Why ride mares? Why not ride mares?
Growing up, we rode anything with four hooves. We used the word “horse” for all equines, regardless of gender. More recently, in dealing with horseman from other countries I find them using more specific terms.
A “horse” for instance is a stallion, as distinguished from a mare, or a gelding.
In countries such as Spain and Portugal mares have been used traditionally only as breeding stock. It has been explained to me that in past centuries, because those countries were supplying war horses, work horses and just plain transportation horses to the known world, every mare was required to produce a foal every year.
Now, with the advent of infernal combustion engines, horses are not as much in demand. We find ourselves more focused on quality than quantity. In fact in Portugal this emphasis is reflected in the practice of only giving potential stallions a limited number of certificates with which to register their foals. Consequently the breeder should want to bring only quality producing mares to their stallion.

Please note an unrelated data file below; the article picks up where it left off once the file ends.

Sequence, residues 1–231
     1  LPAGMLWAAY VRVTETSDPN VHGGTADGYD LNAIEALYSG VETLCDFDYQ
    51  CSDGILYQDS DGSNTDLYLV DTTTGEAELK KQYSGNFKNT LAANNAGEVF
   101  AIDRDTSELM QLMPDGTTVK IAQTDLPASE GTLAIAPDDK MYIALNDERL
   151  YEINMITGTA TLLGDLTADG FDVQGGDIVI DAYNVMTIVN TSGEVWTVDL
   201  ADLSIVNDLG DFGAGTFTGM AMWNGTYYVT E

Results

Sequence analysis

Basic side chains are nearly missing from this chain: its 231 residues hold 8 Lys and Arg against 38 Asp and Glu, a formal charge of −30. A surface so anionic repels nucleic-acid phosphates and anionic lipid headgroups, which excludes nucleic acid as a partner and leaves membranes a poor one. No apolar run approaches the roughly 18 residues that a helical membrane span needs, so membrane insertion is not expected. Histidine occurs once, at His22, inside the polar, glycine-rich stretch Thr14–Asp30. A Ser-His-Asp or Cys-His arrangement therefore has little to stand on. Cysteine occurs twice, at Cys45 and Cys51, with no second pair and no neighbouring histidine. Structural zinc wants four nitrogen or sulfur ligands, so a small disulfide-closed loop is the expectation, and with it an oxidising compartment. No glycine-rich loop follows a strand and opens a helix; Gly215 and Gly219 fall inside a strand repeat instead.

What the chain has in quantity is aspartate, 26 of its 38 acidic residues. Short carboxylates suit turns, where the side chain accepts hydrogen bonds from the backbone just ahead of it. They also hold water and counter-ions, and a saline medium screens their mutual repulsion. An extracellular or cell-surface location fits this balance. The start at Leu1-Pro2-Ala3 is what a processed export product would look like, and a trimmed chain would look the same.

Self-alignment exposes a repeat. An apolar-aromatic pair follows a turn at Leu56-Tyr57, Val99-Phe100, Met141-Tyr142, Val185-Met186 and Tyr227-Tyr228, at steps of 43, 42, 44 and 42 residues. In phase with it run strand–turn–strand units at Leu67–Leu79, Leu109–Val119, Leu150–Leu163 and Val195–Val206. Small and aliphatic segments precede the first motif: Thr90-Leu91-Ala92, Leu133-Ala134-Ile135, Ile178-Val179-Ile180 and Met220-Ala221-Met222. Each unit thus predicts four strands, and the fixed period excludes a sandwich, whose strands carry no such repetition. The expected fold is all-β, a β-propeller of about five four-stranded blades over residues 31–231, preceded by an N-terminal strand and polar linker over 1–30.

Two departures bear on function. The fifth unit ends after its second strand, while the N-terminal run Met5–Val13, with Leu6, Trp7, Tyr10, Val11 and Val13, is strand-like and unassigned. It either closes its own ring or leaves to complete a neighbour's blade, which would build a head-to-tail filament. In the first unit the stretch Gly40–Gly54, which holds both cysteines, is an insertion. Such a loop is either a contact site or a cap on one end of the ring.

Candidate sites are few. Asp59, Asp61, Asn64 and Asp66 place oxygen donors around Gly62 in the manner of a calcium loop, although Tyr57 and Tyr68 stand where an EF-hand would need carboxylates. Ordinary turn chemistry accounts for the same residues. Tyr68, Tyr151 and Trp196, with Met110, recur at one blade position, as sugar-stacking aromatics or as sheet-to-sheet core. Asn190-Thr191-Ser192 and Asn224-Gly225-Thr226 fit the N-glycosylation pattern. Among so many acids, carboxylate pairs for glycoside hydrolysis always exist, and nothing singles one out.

One of the best ways to determine a mare’s quality is to train her to work under saddle. That way the breeder knows from experience which mares offer the best ride, athleticism, and personality to their offspring.
In the USA, one ranch that has practiced this for at least a century is the King Ranch in south Texas. Mares on that enormous spread are started into work right along with geldings and stallions. When a steed is ready for work, he or she is assigned to a kineno, as the hereditary cowboy of the ranch are known.
When a mare shows outstanding qualities in her work, she is selected out of the working string and placed in the broodmare band.
It is a point of pride to have a favorite mare stolen out from under them in this manner. I guess that’s women’s Lib. for equines!